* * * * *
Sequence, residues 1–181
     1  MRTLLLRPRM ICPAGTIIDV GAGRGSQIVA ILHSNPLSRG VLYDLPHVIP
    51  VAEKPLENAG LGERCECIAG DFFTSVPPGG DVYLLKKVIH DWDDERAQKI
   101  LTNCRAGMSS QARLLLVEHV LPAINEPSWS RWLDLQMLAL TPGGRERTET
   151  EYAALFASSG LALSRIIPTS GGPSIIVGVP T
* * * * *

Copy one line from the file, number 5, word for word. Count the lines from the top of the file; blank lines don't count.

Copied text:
   151  EYAALFASSG LALSRIIPTS GGPSIIVGVP T